The market for beneficial microbes is increasingly diverse, with next generation probiotics and commensal bacteria being added to the possibilities. NIZO’s Bart Smit, Principal Scientist Fermentation, and Anneloes Groenenboom, Project Manager Fermentation, discuss the challenges of creating a production pipeline to take these ‘new’ beneficial microorganisms from lab to end-product – but also why there is still room for improvement for optimising production of ‘conventional’ probiotics and postbiotics, as well.

What is the relationship between ‘next generation probiotics’ (NGP) and ‘commensal microorganisms’?

Bart Smit: Next generation probiotics are novel functional microbes with beneficial properties. One of the more innovative sources is ‘commensal microorganisms’: microbes that live in or on the human body in ‘niches’, such as the gut, skin, oral cavity, etc. As we look to the next-generation of probiotics and nutraceuticals, increasing attention is being paid to the health benefits these commensal microbes can deliver: such as preventing, treating or curing a disease or condition. Because the bacteria come from the human body, they can have a more intense and diverse interaction with it, compared to more ‘conventional’ probiotics such as lactic acid bacteria (LAB) that come from foods.

How do you take an NGP from lab to production?

BS: It is important to ensure the viability and stability of the microorganism and the optimisation of the production process, as you upscale from the lab to a production facility or pharmaceutical contract manufacturing organisation (CMO). There are two overall stages: firstly, you need an ‘upstream’ process that gives you (ideally) a highly concentrated fermentation ‘broth’ containing billions of the microbes you want to use. Then you need to turn that into a stable end product (often a powder, but it can also be a cream) through a ‘downstream’ process that incorporates multiple steps and conditions.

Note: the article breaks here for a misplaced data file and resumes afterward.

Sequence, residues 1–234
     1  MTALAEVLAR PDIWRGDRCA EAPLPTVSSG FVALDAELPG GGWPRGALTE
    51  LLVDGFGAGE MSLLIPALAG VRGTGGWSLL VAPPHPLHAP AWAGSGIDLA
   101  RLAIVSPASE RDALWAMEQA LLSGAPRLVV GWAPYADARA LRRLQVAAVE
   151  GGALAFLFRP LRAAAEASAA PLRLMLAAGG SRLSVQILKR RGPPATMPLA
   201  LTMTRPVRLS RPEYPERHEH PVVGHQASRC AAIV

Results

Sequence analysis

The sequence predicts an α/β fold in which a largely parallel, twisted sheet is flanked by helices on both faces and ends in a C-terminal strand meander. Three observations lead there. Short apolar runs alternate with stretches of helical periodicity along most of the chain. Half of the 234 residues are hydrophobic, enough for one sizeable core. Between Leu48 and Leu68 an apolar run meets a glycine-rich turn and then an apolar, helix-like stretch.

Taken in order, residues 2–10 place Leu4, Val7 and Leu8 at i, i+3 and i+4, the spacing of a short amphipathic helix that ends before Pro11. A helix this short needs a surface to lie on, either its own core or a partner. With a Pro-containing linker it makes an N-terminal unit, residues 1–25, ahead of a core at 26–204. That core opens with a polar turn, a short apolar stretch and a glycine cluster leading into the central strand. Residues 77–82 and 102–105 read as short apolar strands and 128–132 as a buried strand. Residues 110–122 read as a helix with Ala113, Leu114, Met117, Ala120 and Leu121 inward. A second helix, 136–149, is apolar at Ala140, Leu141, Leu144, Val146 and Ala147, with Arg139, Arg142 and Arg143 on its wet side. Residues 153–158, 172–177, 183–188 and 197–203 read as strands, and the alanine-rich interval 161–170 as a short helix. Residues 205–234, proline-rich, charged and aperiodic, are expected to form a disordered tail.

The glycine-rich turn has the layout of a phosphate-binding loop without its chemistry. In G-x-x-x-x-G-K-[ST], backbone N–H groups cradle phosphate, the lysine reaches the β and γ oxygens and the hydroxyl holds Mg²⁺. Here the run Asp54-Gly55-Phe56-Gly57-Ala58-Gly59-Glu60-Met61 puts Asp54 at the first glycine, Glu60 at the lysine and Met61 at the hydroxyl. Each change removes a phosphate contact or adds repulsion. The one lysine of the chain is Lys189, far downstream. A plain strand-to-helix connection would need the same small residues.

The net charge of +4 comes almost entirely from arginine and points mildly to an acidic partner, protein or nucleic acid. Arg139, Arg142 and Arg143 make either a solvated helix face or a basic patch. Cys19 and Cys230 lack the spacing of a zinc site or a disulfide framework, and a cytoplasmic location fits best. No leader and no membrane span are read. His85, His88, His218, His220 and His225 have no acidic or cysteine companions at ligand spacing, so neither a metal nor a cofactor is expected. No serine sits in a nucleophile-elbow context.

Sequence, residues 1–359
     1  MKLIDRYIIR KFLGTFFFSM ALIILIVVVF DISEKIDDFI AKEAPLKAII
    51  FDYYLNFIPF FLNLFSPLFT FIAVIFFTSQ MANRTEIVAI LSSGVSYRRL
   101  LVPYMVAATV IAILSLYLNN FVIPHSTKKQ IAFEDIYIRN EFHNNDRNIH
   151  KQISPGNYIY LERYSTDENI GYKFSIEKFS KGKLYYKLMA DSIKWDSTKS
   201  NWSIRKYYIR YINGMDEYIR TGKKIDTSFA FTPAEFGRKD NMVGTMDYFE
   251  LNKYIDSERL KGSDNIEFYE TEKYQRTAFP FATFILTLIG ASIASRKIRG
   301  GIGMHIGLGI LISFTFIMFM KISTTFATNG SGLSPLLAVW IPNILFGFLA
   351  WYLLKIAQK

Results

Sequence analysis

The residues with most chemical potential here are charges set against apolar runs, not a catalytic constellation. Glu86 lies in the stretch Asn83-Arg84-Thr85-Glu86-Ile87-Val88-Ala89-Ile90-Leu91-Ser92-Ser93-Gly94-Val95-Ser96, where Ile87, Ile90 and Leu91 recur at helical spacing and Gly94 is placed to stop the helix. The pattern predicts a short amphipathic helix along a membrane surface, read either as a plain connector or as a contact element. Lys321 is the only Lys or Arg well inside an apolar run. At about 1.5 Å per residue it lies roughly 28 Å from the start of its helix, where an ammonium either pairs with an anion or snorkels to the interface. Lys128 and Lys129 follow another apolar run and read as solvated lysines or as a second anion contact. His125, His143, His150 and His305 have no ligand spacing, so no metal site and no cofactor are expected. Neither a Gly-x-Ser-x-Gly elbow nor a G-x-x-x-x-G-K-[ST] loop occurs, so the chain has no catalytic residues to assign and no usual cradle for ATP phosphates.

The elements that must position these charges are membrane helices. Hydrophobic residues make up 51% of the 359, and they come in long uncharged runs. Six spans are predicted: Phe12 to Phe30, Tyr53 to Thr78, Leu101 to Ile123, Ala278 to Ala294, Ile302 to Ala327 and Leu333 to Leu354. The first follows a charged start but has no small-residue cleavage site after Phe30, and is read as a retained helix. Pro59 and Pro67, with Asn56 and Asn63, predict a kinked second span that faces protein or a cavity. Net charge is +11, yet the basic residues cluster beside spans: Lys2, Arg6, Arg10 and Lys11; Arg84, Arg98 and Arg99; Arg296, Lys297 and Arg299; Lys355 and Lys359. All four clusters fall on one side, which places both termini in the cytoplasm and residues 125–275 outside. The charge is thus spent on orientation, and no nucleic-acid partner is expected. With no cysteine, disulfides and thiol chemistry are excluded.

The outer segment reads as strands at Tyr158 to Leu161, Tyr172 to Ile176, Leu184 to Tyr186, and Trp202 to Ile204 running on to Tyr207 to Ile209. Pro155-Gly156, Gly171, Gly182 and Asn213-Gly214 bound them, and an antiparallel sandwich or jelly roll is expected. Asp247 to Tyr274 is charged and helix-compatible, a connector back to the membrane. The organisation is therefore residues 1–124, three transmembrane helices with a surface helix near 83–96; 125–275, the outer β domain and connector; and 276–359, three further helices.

Each microbial strain will have its ‘best’ set of conditions, both upstream and downstream. However, any change you make to one condition can impact the others, so you have to keep each of them in consideration at all times, and be prepared for a bit of back-and-forth. It’s a complex balance.

What are the production challenges of bringing an NGP to market?

Anneloes Groenenboom: Microbes can be hard to grow and maintain: these are living organisms that react and interact with their environment and with each other. By careful screening at an early stage of production, you can be sure you are selecting the best microbe: one that, for example, is easy to grow and keep alive. Furthermore, your bacterial production process must be reproducible and scalable, to optimise yields, shelf-life, cost-effectiveness, etc.

The industry has been working with ‘conventional’ probiotics such as LABs for a very long time, but NGPs are a much more recent addition. On the one hand, there is generally less familiarity with these organisms. On the other, in many cases they are simply more difficult to grow and work with. For example, they can have very complex nutritional requirements, and many are strict anaerobes, requiring a zero-oxygen environment to survive or replicate.

What factors can be adapted to optimise the growth and stability of an NGP?

BS:  The composition of your growth medium, to start with. It must allow you to produce enough microbes for your purpose, whether testing (such as clinical trials) or commercialisation. But you have to balance that with other needs. For example, you must ensure your medium doesn’t contain allergens. In addition, plant-based media are preferred over animal-based, both for safety and for diversity of applications. However, NGPs such as commensal microorganisms come from very specific niches in the human body. You thus need to find ways to reproduce the niche conditions as closely as possible to get the best growth, then transfer the microbes to a non-animal-based niche.